George Catlin and other non-native painters offered viewers of their works of art a glimpse of their own perspectives concerning native people. Catlin’s works of art, which are displayed at the Smithsonian American Art Museum (Campfire Stories, n.d.), for example, were designed for multiple purposes. Catlin stated that he wished to capture the life and culture of Native-Americans before they (as he supposed they would) disappeared altogether as a result of displacement and genocide. It appears that Catlin attempted to portray natives as close to what he presumed they were like before the disruption of Western European invasion. Most of the paintings show idealized images of the landscape and of native people and very few of his paintings offer images that show the negative impact of colonization on these people. One of the few paintings by Catlin that offers a depiction of a Native-American impacted by the colonizer is of Wi-jn-jon, Pigeon’s Egg Head (The Light) Going to and Returning from Washington (n.d.).
In a less than flattering fashion, Catlin described Wi-jn-jon’s appearance on his return trip from Washington, as dressed in what Catlin supposed were garments of a fine military costume, given to him by the President. Interestingly though, as evidenced in his painting, Theodore Burr Catlin, in Indian Costume, (n.d.) he sees nothing perverse with people of European descent dressed in Native-American costume and engaged in native themed ‘reenactments’, as it was his custom to put on such ‘Wild West’ performances (he called them “tableaux vivants”) in order to capitalize on the events (Theodore Burr Catlin, n.d.).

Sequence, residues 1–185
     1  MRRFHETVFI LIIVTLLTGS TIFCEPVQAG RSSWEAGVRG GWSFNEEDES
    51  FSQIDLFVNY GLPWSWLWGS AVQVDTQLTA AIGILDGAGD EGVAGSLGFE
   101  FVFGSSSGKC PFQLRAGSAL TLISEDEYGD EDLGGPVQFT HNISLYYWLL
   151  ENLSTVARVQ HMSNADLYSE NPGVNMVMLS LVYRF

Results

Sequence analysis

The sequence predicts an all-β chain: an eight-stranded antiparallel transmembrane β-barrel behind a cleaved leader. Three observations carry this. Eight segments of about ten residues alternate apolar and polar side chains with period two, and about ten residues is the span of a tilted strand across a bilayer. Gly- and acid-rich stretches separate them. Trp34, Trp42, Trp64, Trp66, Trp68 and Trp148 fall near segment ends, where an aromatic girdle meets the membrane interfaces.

Catlin’s other and unstated purpose for painting the life and culture of Native-Americans before they were gone, then, was to capitalize on their unique culture as his own means for economic survival in a competitive, capitalistic society. In this way, the representations of Native-Americans were truer than what might first appear on the surface. The representations of Native-Americans by painters such as Catlin are a record of how European-Americans imagined everything (including people) in The New World to be objects for their own exploitation and capitalistic gain, and they made their imaginations become reality.
Campfire Stories with George Catlin. (n.d.). Smithsonian American Art Museum: Campfire Stories with George Catlin. Retrieved May 23, 2014, from http://americanart.si.edu/exhibitions/online/catlinclassroom/cl.html
Theodore Burr Catlin, in Indian Costume. (n.d.). Smithsonian American Art Museum: Campfire Stories with George Catlin. Retrieved May 20, 2014, from http://americanart.si.edu/exhibitions/online/catlinclassroom/cl.html
Wi-jn-jon, Pigeon’s Egg Head (The Light) Going to and Returning. (n.d.). Smithsonian American Art Museum: Campfire Stories with George Catlin. Retrieved May 20, 2014, from http://americanart.si.edu/exhibitions/online/catlinclassroom/cl.html
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